Luca Maria Castiglione and Emil C. Lupu. 2020. Hazard Driven Threat Modelling for Cyber Physical Systems. In Proceedings of the 2020 Joint Workshop on CPS&IoT Security and Privacy(CPSIOTSEC’20). Association for Computing Machinery, New York, NY, USA, 13–24.

Adversarial actors have shown their ability to infiltrate enterprise networks deployed around Cyber Physical Systems (CPSs) through social engineering, credential stealing and file-less infections. When inside, they can gain enough privileges to maliciously call legitimate APIs and apply unsafe control actions to degrade the system performance and undermine its safety. Our work lies at the intersection of security and safety, and aims to understand dependencies among security, reliability and safety in CPS/IoT. We present a methodology to perform hazard driven threat modelling and impact assessment in the context of CPSs. The process starts from the analysis of behavioural, functional and architectural models of the CPS. We then apply System Theoretic Process Analysis (STPA) on the functional model to highlight high-level abuse cases. We leverage a mapping between the architectural and the system theoretic(ST) models to enumerate those components whose impairment provides the attacker with enough privileges to tamper with or disrupt the data-flows. This enables us to find a causal connection between the attack surface (in the architectural model) and system level losses. We then link the behavioural and system theoretic representations of the CPS to quantify the impact of the attack. Using our methodology it is possible to compute a comprehensive attack graph of the known attack paths and to perform both a qualitative and quantitative impact assessment of the exploitation of vulnerabilities affecting target nodes. The framework and methodology are illustrated using a small scale example featuring a Communication Based Train Control (CBTC) system. Aspects regarding the scalability of our methodology and its application in real world scenarios are also considered. Finally, we discuss the possibility of using the results obtained to engineer both design time and real time defensive mechanisms.

Towards More Practical Software-based Attestation

Rodrigo Vieira Steiner, EmilLupu, Towards more practical software-based attestation, J. Computer Networks, v. 149, pp 43-55, Elsevier, 2019.

Abstract: Software-based attestation promises to enable the integrity verification of untrusted devices without requiring any particular hardware. However, existing proposals rely on strong assumptions that hinder their deployment and might even weaken their security. One of such assumptions is that using the maximum known network round-trip time to define the attestation timeout allows all honest devices to reply in time. While this is normally true in controlled environments, it is generally false in real deployments and especially so in a scenario like the Internet of Things where numerous devices communicate over an intrinsically unreliable wireless medium. Moreover, a larger timeout demands more computations, consuming extra time and energy and restraining the untrusted device from performing its main tasks. In this paper, we review this fundamental and yet overlooked assumption and propose a novel stochastic approach that significantly improves the overall attestation performance. Our experimental evaluation with IoT devices communicating over real-world uncontrolled Wi-Fi networks demonstrates the practicality and superior performance of our approach that in comparison with the current state of the art solution reduces the total attestation time and energy consumption around seven times for honest devices and two times for malicious ones, while improving the detection rate of honest devices (8% higher TPR) without compromising security (0% FPR).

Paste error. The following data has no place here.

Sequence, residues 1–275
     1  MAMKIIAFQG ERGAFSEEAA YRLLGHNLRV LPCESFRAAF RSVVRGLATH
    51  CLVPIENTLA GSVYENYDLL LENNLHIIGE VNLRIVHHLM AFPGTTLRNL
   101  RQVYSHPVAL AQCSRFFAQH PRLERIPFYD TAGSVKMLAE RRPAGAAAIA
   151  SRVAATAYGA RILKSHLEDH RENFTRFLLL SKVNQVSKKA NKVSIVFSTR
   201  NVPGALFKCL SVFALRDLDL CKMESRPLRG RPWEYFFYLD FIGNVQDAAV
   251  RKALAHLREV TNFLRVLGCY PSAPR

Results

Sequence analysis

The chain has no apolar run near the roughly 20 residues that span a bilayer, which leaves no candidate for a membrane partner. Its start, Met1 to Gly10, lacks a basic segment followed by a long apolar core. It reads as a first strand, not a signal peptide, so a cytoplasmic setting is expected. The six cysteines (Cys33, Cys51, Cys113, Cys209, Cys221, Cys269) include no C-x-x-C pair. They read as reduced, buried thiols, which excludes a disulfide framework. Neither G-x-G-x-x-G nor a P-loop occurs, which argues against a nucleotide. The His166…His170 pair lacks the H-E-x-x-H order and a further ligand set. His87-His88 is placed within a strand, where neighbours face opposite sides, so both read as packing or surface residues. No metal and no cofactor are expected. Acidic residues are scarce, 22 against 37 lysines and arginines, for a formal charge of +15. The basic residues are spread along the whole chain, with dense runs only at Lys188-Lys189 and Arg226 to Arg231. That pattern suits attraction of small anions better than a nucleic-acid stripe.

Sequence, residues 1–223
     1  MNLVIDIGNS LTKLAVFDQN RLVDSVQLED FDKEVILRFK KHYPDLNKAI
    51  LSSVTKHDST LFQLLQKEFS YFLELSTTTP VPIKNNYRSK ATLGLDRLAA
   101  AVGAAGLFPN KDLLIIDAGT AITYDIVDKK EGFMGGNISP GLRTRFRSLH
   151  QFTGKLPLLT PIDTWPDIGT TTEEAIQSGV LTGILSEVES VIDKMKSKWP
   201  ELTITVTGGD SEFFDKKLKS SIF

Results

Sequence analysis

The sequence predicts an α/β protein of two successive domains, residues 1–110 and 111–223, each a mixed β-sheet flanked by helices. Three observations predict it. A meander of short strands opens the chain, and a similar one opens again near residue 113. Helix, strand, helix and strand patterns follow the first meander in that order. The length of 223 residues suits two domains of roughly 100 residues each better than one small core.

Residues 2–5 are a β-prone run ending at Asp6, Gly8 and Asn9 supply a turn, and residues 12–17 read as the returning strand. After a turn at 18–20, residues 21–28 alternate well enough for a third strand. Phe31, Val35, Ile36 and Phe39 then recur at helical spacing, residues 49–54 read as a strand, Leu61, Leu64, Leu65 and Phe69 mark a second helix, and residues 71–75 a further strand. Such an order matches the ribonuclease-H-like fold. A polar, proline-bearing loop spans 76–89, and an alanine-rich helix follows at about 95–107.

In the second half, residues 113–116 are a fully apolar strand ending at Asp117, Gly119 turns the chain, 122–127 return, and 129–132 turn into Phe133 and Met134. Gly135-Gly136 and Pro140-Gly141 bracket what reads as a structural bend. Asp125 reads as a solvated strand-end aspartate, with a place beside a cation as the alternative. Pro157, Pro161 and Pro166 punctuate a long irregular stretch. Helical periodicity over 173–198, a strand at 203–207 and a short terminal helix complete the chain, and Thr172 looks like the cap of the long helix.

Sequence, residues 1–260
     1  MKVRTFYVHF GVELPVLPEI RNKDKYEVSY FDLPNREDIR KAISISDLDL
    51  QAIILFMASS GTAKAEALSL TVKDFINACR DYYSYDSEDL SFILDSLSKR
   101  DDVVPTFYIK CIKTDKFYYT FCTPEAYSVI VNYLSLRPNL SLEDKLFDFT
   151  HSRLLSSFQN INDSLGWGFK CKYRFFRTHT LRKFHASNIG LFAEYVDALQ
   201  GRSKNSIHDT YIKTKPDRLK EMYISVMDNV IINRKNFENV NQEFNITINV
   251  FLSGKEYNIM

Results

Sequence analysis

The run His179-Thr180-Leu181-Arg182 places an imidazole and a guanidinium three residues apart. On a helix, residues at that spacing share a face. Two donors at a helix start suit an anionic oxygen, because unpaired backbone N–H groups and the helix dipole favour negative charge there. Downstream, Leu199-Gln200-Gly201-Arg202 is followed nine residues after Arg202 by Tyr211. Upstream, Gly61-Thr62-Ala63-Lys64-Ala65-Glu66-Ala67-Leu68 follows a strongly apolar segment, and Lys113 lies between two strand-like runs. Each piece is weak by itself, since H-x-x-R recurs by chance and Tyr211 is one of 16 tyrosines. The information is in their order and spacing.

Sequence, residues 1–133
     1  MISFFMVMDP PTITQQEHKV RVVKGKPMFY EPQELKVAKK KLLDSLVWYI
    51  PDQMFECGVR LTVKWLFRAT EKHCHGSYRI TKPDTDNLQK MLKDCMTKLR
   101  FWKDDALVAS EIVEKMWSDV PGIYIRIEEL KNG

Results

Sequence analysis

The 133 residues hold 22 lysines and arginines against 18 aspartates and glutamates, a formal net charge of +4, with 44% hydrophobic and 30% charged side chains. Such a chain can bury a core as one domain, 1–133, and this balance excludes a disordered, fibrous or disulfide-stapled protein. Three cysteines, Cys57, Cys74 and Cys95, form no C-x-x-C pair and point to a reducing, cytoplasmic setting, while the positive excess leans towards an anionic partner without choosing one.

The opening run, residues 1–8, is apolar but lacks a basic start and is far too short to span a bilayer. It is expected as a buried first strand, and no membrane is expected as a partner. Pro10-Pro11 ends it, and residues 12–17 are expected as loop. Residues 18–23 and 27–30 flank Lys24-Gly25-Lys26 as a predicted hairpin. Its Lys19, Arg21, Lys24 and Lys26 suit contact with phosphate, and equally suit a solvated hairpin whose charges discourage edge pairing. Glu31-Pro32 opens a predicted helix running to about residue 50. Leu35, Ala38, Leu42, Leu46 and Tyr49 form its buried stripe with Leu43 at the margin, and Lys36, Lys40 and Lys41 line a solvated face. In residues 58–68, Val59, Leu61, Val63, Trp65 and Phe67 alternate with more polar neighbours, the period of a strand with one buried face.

WSNs Under Attack! How Bad Is It? Evaluating Connectivity Impact Using Centrality Measures

Our paper WSNs Under Attack! How Bad Is It? Evaluating Connectivity Impact Using Centrality Measures has been presented at the Living in the Internet of Things: A PETRAS, IoTUK & IET Conference, Forum & Exhibition.

AuthorsRodrigo Vieira SteinerMartín BarrèreEmil C. Lupu

Abstract: We propose a model to represent the health of WSNs that allows us to evaluate a network’s ability to execute its functions. Central to this model is how we quantify the importance of each network node. As we focus on the availability of the network data, we investigate how well different centrality measures identify the significance of each node for the network connectivity. In this process, we propose a new metric named current-flow sink betweenness. Through a number of experiments , we demonstrate that while no metric is invariably better in identifying sensors’ connectivity relevance, the proposed current-flow sink betweenness outperforms existing metrics in the vast majority of cases.